Microsoft’s search engine ‘Bing’ is no longer available in China as of Thursday morning, rendering yet another non-Chinese service inaccessible to the world’s largest online population.
The apparent blocking of the search platform came on the order of the government, CNBC reported, citing two unnamed sources familiar with the matter.
In an emailed statement, a Microsoft spokesperson has confirmed that the search engine is currently inaccessible in China and the tech giant is engaged to determine the next steps.
According to the CNBC news, the internet is heavily censored in mainland China as form of information control, including the blockage of popular social media services such as Facebook and Twitter.
On Thursday morning, Bing was sporadically available for few users, while others faced the page that said “This site can’t be reached”. Inaccessibility to Bing came despite the company’s efforts to build a local operation on Beijing’s terms. Further, to be in line with the government censorship Microsoft has stopped content deemed illegal in China from showing up in results.
The surprise move, however, came as conflicts with the United States increase and China pursues a record digital crackdown, shutting down over 700 websites and thousands of apps in a span of just three weeks.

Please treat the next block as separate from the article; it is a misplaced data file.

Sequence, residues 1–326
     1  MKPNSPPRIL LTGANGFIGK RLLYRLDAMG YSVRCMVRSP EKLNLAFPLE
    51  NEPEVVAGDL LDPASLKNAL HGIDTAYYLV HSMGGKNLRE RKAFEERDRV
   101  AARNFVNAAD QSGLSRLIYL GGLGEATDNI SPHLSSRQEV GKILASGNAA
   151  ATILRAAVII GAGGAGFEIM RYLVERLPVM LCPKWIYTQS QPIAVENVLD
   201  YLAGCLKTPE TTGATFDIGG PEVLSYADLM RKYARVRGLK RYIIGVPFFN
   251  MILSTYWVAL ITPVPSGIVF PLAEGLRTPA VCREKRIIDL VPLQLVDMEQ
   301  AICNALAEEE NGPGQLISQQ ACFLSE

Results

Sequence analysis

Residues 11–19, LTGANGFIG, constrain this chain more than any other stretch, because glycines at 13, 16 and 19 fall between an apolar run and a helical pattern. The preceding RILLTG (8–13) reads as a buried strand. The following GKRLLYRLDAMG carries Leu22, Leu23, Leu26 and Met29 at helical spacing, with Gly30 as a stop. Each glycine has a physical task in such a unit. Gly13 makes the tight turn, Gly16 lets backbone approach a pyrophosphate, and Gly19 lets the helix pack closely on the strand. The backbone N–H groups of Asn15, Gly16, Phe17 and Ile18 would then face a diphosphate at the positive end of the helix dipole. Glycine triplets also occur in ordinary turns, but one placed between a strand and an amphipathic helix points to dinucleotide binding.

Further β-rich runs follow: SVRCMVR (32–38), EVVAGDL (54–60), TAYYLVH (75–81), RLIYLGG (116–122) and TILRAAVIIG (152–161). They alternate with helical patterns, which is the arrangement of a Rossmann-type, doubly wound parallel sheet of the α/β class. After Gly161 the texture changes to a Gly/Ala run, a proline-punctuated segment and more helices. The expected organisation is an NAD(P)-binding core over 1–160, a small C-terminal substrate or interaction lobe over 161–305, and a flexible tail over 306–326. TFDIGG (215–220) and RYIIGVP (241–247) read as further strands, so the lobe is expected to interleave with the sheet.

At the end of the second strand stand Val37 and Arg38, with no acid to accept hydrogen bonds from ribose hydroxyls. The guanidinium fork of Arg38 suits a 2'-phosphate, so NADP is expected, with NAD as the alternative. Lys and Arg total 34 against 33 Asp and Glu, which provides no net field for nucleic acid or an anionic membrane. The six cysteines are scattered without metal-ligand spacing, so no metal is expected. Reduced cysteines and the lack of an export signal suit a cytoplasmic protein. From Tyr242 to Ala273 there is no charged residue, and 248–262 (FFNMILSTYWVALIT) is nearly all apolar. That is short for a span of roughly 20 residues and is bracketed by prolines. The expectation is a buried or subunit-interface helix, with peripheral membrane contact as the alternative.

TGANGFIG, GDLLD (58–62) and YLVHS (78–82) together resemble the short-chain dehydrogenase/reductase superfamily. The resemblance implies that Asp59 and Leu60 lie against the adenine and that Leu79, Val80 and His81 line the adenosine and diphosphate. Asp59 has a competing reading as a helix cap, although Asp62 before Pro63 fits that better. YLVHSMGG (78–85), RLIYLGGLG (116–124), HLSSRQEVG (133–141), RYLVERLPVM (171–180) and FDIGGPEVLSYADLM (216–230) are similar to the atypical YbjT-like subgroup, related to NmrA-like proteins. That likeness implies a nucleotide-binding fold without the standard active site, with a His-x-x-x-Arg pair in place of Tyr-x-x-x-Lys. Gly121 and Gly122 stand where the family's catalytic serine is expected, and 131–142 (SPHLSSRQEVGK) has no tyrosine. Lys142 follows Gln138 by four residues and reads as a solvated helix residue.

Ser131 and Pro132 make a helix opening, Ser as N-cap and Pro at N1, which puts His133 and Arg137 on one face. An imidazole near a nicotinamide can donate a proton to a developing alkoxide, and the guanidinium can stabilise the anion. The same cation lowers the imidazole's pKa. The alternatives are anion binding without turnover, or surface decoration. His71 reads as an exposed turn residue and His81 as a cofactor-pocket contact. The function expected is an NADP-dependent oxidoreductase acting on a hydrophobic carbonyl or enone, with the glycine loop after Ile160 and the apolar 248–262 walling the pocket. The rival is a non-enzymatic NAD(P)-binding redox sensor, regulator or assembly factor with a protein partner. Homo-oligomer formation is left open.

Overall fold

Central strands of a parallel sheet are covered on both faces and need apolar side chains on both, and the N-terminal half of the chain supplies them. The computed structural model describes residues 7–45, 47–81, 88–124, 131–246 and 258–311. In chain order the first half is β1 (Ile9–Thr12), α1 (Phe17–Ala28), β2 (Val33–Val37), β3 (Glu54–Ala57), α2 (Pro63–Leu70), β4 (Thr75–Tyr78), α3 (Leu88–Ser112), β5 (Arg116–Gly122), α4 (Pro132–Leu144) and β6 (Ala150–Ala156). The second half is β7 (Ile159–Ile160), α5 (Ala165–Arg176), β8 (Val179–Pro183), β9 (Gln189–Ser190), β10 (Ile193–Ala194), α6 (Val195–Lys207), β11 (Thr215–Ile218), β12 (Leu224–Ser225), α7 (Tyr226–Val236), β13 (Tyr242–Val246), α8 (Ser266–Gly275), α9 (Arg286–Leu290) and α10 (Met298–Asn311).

As reported in CNBC, concerns are raised among market participants that the US-China conflict could spill over into a so-called ‘tech-war’. Any action against Microsoft could set off alarm bells for large American tech firms such as Apple who is highly reliant on the Chinese Market.
Zhu Min, former deputy governor of the of the People’s Bank of China said Tuesday that Beijing could completely cut-off its investment into the Silicon Valley as scrutiny of Huawei – the world’s largest telecom equipment producer – intensifies.
Intense security concerns of privately-held Huawei’s technology have been raised and deteriorated further following the arrest of Meng Wanzhou, Huawei’s chief technical officer, in Canada in December 2018.
She was detained at the request of Washington over allegations that Huawei has violated American sanctions on Iran and still faces the possibility of extradition in the United States.
The U.S. and other nations including Canada, Britain, Germany and Australia have accused China of technology theft and blocked Huawei’s equipment from critical infrastructure projects, while Beijing denied all those allegations.
China is reportedly intensifying its campaign to scrub the domestic internet and has openly declared its intent to become a tech leader in the world over the next ten years, investing heavily in technologies such as artificial intelligence and autonomous vehicles.